Motor Racing: Hakkinen finds silver lining

German Grand Prix: McLarens take front of grid as Schumacher finds little home comfort

AND so to Hockenheim, the flat-out blast between the pine trees that, 30 seasons ago, claimed the life of the great Jim Clark. Here, this weekend, may turn the fortunes of a World Championship that has developed into a two-horse race between Mika Hakkinen and Michael Schumacher. Even David Coulthard, with the fastest times in free practice, acknowledged that his own title aspirations have all but gone after a season of wretched fortune. "To draw level with Mika I'd have to win the next three races without him scoring a point," he said. "That's a bit unrealistic."

It is more likely that Schumacher, however, might fail to score points, for the crowd's favourite lies a distant ninth as the McLarens share the front row. Schumacher spun on his first lap of the day, and later his Ferrari succumbed to engine failure. The former champion was always on the back foot after that, and was left trailing as he tried vainly to make up for lost time. He hasn't qualified this badly since Monza last year.

Instead of Ferrari challenging McLaren, Jacques Villeneuve celebrated an upturn in fortune in a revitalised Williams. Anyone tempted to doubt the world champion's commitment in a so far troubled season would have been served humble pie while watching as he pushed within half a second of the silver cars in the sort of display of brio that made his late father the crowd's darling. "We were fighting all the way through," Villeneuve said with the smile of a man relieved to be back at the sharp end, "and even took the McLarens at one point. This is the first time I have enjoyed driving a Williams with low down-force configuration."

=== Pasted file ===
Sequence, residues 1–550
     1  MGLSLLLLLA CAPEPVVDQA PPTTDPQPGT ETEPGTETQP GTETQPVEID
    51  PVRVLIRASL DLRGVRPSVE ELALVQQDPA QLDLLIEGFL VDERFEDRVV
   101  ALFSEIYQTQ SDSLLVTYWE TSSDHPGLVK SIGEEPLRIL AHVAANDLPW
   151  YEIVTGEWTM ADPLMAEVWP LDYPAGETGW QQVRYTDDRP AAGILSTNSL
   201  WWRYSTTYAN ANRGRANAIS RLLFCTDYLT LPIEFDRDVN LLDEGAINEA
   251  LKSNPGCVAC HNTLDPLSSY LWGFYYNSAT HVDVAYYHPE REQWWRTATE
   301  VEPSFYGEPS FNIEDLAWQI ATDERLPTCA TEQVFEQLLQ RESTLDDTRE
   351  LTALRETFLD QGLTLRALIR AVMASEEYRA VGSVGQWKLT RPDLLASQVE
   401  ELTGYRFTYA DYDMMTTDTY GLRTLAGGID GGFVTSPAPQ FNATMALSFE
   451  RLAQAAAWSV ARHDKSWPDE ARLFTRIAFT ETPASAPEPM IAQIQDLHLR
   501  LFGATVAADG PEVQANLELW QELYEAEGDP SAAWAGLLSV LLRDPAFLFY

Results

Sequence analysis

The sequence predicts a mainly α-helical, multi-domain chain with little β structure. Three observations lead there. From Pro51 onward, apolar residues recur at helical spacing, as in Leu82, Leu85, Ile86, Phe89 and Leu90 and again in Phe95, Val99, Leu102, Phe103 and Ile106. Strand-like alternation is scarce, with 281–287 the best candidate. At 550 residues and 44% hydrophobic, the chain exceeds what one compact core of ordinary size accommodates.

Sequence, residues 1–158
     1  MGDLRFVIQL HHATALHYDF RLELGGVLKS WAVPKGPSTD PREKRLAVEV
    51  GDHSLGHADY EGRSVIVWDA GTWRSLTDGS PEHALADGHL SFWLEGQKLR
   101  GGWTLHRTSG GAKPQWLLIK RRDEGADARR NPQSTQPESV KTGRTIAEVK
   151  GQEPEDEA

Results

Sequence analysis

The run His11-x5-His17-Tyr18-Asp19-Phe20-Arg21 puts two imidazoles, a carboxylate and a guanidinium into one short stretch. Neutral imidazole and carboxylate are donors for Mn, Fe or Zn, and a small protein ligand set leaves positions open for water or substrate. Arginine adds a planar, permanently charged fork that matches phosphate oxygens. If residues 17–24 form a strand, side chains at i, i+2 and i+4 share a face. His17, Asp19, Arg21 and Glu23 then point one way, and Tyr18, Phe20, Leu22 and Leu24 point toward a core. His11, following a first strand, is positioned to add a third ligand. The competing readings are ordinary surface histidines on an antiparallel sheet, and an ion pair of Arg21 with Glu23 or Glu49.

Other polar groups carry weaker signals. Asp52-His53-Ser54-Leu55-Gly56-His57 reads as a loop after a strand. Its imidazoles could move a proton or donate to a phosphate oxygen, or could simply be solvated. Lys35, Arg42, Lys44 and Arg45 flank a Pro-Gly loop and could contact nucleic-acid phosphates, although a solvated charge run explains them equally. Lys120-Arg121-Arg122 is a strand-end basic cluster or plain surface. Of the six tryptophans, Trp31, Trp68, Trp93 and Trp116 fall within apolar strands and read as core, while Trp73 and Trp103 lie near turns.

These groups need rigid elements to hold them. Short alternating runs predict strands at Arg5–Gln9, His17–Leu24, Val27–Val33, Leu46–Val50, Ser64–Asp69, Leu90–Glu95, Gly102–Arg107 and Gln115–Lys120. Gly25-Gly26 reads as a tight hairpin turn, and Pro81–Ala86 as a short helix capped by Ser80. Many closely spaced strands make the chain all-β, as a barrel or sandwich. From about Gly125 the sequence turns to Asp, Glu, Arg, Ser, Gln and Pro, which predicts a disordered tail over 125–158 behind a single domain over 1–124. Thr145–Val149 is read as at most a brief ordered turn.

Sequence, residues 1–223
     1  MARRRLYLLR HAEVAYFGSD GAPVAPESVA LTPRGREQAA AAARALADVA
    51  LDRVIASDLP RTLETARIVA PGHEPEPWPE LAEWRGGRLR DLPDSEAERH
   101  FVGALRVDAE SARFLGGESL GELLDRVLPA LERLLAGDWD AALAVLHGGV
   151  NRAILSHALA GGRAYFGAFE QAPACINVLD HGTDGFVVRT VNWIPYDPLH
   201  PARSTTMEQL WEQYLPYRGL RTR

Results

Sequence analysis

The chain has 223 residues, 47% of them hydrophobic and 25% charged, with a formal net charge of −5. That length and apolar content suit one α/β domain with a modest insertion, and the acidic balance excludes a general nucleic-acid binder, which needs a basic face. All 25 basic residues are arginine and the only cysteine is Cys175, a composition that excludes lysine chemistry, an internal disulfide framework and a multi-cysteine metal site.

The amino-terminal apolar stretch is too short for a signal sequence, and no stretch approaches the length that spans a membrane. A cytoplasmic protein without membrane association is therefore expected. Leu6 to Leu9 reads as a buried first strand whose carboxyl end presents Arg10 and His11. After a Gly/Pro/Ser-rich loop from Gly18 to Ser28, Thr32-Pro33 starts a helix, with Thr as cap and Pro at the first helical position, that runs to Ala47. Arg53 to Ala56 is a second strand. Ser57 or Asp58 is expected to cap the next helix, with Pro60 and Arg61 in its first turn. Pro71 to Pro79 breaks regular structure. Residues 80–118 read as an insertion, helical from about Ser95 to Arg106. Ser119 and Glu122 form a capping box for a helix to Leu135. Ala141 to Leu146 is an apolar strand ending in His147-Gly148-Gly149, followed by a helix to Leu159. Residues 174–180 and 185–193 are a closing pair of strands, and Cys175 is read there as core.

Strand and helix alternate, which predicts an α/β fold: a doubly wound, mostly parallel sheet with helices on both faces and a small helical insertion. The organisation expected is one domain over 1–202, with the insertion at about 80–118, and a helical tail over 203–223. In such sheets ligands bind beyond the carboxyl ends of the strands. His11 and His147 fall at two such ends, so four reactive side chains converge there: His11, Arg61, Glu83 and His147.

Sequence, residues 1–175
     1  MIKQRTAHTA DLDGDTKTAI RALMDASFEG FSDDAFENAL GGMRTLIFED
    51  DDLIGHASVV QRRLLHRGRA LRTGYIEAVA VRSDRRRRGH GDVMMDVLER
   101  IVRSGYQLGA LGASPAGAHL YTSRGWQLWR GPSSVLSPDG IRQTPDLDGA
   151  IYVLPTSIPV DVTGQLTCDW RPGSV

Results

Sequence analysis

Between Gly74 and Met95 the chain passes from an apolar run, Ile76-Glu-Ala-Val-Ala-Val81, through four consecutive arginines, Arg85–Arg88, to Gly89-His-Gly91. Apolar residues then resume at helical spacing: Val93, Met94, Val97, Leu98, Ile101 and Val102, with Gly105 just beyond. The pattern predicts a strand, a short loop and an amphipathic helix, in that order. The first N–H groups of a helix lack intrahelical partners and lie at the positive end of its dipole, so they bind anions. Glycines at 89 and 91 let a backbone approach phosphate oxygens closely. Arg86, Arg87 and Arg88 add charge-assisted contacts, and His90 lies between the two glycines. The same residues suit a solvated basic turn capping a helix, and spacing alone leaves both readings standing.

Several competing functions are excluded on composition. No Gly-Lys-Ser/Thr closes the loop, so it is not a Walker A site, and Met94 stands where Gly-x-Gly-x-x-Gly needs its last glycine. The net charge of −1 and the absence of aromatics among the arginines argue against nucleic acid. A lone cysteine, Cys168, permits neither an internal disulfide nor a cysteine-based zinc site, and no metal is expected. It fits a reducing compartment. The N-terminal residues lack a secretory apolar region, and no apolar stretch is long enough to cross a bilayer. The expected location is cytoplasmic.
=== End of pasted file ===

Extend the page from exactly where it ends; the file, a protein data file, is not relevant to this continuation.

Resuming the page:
The session was important, too, for Damon Hill, whose contractual negotiations with Jordan have reached critical mass. His situation is reminiscent of that once faced by the American hydroplane champion Bill Muncey, who remarked to his team owner Lee Schoenith: "Will you still love me when I'm not winning?" To which Schoenith replied: "Sure. But I'll miss ya."

Hill was employed by Jordan and Benson & Hedges to win races, but thus far has not even scored a point. He is facing the prospect of a dramatic salary reduction next season if he stays with the team, though this may take the form of a payment-per-point structure. To make matters worse, his team-mate Ralf Schumacher has scored three in the last two races, and lies just ahead of him. Compared to Jordan's early-season form, however, fourth and fifth places on the grid are manna from heaven. "I'm very pleased," Hill said, visibly relaxed. "Part of me had hoped for more, but I think we have to be pleased with what we got. To see both cars up there in the top six, well in touch with the class of the field, is great."